Lost City of Petra, Jordan

Jordan: Why Petra is worth a repeat visit

07.01.16 - By Oliver

‘Published by TTG Media’

Petra in Jordan is on many people’s bucket list. Second-time visitor Gary Noakes is still enchanted by the archaeological site.

We’ve already spotted the elephant-shaped boulder and the camel sculptures adorning the sandstone corridor leading into Petra, but craning our necks to the skyline, we just can’t make the next one out.

“A bottle of Jordanian wine if you tell me which animal that rock resembles,” our guide Mahmoud promises.

After a stream of wild guesses, we give up. “I’m joking, there’s nothing, but look behind you,” grins Mahmoud. We spin around to see that iconic Petra view, The Treasury, glimpsed through the narrow gap of the mile-long canyon we’d just walked through.

Mahmoud’s trick has cleverly manoeuvred us into position for the big reveal and his ruse produces a collective gasp, including from me, a second-time visitor.

Every Indiana Jones fan knows Petra and The Treasury, but unless you visit, you can’t grasp its grandeur or imagine how important this city must have been. The Treasury (actually a royal tomb) marks the entrance to an ancient trading post as powerful as Mumbai or Dubai is today and is just one huge stone monument among many.

Petra was chiselled from sandstone by the Nabateans, the Arab race that predated the Romans, who built their city from 600BC in the canyons of southern Jordan around a system of dams and water channels. Later, the Romans invaded and extended the city, before it was abandoned following an earthquake. Rubble from this eruption means that 80% of Petra remains three metres below current ground level and archaeologists are making new discoveries every year.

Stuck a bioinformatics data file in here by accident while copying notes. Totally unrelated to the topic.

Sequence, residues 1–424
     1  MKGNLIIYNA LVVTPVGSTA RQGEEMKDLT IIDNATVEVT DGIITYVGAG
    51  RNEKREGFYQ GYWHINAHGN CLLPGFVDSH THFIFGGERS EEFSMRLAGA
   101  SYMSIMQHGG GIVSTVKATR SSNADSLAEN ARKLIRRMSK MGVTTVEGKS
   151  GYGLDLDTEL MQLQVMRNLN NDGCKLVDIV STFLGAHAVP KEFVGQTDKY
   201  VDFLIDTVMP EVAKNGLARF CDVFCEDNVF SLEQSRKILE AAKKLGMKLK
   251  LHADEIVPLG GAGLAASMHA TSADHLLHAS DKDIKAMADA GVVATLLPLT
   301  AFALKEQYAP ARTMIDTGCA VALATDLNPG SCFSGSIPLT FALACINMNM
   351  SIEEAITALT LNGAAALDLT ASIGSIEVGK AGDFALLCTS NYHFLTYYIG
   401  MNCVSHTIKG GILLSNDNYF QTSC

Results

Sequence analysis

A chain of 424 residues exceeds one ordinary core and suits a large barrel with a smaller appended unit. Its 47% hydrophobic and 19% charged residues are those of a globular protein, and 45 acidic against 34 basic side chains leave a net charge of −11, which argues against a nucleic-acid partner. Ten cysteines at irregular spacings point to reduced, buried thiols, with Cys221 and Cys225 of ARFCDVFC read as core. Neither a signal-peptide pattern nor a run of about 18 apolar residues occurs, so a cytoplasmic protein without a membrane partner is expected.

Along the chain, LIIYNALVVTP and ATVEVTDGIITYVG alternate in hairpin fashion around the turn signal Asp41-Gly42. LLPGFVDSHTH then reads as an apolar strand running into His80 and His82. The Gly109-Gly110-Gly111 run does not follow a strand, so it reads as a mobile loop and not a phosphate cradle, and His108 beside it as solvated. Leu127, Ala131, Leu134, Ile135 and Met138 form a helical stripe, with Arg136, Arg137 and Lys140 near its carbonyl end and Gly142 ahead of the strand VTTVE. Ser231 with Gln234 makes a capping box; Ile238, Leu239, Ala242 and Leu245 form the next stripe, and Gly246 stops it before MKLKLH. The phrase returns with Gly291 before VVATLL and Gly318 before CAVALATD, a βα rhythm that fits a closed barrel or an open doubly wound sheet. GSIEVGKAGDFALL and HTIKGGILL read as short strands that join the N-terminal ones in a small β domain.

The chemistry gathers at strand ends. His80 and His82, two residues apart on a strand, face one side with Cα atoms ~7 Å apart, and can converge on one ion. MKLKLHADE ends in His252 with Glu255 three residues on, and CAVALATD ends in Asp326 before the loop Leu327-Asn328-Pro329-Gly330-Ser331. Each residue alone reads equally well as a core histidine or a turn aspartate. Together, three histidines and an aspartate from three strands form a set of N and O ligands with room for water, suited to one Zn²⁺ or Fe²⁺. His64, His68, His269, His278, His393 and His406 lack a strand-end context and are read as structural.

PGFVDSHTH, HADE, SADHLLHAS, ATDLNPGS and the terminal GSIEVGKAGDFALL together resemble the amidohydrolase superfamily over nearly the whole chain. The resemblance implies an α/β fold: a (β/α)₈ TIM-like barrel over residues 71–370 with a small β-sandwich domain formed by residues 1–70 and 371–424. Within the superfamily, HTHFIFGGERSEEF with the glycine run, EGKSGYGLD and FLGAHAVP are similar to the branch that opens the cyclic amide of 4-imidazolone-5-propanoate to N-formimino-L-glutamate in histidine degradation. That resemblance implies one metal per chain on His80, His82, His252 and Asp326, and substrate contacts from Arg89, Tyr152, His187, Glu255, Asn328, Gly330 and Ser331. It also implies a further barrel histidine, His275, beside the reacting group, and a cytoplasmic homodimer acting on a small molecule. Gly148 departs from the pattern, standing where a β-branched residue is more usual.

Lost City of Petra, Jordan

Lost City of Petra, Jordan

A few things had changed for the better since I first visited more than a decade ago. More buildings have been uncovered, while the horses that carry some visitors to the entrance are now well looked after thanks to a veterinary and education centre on site. Posters that now urge you to discourage children from the village above Petra selling souvenirs are mostly heeded.

Entrance to the site is from 7am and the earlier you go, the better. I started at 8am, and a few small groups were already present. Visitor numbers are way down (from a million in 2008 to below 200,000) but retracing our steps to leave, we encountered the first cruise ship party in three weeks – around 20 coachloads – massing outside The Treasury.

Two days are the minimum to spend here, as some buildings, like The Monastery, are a testing climb. Moreover, entry for adults is about £46 for one day, £52 for two days and £57 for three, so there’s no excuse not to linger. A great way to spend the second or third day is on one of the hiking routes that take you away from the crowds and provide panoramic views.

Whether you go off the main site or not, a good guide is essential, as there is almost as much to see and learn from the trek into the city as from Petra itself. Petra means a lot of walking, but for those unable to make the mile through the canyon to The Treasury, where the magic begins, horse-drawn carriages are available.

Good times to visit are March-May or October onwards, but remember that winter mornings can be freezing. The Treasury is candlelit twice a week, but don’t make this your only sight of Petra, as you will miss out on so much by not seeing it in daylight. Finally, check when the cruise ships are due at Aqaba and avoid these days.